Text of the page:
Fortunately, new opportunities are emerging for residency and fellowship graduates. Organizations like Iora Health and CareMore are pioneering fresh perspectives on health care delivery. Government entities, such as Medicare’s Center for Medicare Medicaid Innovation, are leading payment reform to encourage new methods for delivering care. Even in academia, where care innovations can be difficult to implement, we are starting to see progress. Mount Sinai Hospital, for example, has a fully implemented hospital-at-home program.

Amid the attention on those beginning their residency training, let us not forget those standing at the edge of another transition after a decades-long educational journey. My hope is that as a community, we will encourage and provide paths for a new cohort of pioneers who will pursue opportunity in organizations willing to use creative platforms to realize a future that our patients deserve.

  1. Taichman DB, Moyer DV, Laine C. A letter to new interns [Editorial]. Ann Intern Med. 2017;167:66-67. [PMID: 28672392] doi:10.7326/M17-1293
  2. Leff B, Burton L, Mader SL, Naughton B, Burl J, Inouye SK, et al. Hospital at home: feasibility and outcomes of a program to provide hospital-level care at home for acutely ill older patients. Ann Intern Med. 2005;143:798-808. [PMID: 16330791]
  3. Crowley RA, Kirschner N; Health and Public Policy Committee of the American College of Physicians. The integration of care for mental health, substance abuse, and other behavioral health conditions into primary care: executive summary of an American College of Physicians position paper. Ann Intern Med. 2015;163:298-9. [PMID: 26121401] doi:10.7326/M15-0510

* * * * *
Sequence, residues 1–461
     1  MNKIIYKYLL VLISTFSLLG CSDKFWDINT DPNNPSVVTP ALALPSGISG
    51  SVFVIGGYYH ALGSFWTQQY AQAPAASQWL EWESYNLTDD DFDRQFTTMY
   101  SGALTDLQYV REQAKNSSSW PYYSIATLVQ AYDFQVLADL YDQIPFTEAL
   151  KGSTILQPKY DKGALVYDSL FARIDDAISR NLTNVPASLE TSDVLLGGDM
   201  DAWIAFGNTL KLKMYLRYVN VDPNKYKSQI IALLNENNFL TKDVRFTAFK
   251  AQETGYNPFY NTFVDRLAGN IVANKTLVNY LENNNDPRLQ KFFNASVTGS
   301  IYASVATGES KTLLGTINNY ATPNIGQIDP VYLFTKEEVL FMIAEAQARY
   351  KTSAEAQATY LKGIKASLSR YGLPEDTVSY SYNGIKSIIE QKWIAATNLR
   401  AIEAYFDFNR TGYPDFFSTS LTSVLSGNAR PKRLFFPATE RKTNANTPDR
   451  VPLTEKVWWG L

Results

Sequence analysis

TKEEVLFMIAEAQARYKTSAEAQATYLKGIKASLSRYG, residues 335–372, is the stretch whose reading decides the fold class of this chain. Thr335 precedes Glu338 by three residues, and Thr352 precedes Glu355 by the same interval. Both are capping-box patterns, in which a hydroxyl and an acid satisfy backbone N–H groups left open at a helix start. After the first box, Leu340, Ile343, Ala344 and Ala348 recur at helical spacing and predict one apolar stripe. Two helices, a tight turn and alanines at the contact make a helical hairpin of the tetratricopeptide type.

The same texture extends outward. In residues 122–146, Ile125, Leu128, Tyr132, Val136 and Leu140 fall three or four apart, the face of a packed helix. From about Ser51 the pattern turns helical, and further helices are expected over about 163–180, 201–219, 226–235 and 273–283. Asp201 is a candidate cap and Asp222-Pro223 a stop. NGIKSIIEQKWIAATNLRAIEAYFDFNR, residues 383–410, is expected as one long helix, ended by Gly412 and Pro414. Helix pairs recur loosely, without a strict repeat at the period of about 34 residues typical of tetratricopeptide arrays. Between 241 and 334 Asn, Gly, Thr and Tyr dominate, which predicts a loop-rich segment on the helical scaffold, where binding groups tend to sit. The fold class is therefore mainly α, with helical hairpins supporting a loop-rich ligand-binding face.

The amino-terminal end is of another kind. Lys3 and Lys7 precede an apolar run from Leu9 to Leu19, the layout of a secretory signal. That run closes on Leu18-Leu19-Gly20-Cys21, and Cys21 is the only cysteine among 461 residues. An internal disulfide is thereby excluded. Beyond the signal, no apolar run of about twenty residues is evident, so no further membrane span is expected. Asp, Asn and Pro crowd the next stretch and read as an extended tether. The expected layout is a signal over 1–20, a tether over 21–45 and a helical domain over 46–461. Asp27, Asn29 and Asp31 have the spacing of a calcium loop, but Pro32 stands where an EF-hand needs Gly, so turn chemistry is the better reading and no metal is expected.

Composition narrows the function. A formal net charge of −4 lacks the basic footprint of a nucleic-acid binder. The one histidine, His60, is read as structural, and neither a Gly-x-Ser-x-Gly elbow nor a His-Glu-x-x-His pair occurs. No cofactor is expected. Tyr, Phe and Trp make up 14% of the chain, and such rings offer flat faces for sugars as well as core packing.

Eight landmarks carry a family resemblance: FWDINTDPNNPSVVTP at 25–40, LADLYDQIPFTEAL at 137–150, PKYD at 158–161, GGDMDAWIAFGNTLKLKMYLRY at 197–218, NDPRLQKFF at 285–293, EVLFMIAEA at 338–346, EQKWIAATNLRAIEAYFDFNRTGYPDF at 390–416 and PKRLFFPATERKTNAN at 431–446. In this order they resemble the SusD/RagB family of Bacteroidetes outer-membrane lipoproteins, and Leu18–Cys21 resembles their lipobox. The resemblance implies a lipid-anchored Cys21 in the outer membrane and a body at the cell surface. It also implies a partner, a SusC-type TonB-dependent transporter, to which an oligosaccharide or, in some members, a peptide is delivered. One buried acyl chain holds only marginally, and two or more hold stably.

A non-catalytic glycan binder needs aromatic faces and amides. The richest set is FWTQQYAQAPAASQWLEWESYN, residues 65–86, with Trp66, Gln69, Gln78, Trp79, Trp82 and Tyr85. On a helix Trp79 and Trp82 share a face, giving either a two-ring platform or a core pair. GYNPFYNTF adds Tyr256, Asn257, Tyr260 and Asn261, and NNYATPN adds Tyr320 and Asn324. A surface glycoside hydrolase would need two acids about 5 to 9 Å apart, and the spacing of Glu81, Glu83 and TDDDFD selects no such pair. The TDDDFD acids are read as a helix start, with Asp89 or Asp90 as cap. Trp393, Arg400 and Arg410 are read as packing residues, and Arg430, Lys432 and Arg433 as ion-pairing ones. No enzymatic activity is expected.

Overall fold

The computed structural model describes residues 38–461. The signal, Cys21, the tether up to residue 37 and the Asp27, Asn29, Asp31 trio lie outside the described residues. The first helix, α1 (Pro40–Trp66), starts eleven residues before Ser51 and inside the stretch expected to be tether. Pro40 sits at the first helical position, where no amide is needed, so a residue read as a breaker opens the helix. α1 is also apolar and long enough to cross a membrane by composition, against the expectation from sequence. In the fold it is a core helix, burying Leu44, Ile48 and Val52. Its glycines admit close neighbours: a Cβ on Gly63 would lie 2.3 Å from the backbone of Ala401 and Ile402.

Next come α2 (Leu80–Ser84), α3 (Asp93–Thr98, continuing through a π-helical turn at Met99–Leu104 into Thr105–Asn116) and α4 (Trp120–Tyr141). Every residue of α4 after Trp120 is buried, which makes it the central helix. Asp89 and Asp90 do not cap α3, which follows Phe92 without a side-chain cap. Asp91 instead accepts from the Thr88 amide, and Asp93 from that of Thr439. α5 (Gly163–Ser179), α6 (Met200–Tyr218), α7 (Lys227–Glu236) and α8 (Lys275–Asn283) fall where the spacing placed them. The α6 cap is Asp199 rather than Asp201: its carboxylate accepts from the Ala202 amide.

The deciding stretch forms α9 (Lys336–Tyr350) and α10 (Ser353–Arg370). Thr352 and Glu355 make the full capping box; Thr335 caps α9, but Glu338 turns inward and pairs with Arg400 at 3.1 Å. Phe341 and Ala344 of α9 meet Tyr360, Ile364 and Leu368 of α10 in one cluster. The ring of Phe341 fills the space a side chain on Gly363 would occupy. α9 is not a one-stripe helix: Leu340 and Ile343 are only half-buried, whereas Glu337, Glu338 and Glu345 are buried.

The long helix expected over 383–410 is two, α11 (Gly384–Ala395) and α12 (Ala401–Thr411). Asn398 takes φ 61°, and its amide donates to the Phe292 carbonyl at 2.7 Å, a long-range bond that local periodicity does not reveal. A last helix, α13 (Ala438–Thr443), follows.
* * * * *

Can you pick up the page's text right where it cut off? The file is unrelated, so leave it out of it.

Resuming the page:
1. What you write is eminently correct and the future of healthcare delivery but you forgot one VERY important delivery method and that is telemedicine which will allow marked improvement in access and timeliness at a seriously lower cost with equal or better outcomes.

    1. Victor - I totally agree that telemedicine, virtual visits, and other tech-enabled enhancements will dramatically improve the accessibility and quality of clinical care. Here is a great position paper from the Annals of Internal Medicine that lays out much of the framework and definitions around telemedicine: http://annals.org/aim/fullarticle/2434625/policy-recommendations-guide-use-telemedicine-primary-care-settings-american-college.

      As we continue to push the boundaries on things like artificial intelligence, machine learning, and connecting with our patients in new and novel ways like telehealth, there will be such a fresh petri dish for innovation. This is exactly what I mean by encouraging newly minted clinicians to think outside the box and seek opportunities that will truly let them build this updated healthcare infrastructure. I look forward to seeing the many amazing advancements that come from a generation of physicians who start to question the status quo and push our conventional wisdom. Thanks for your comment.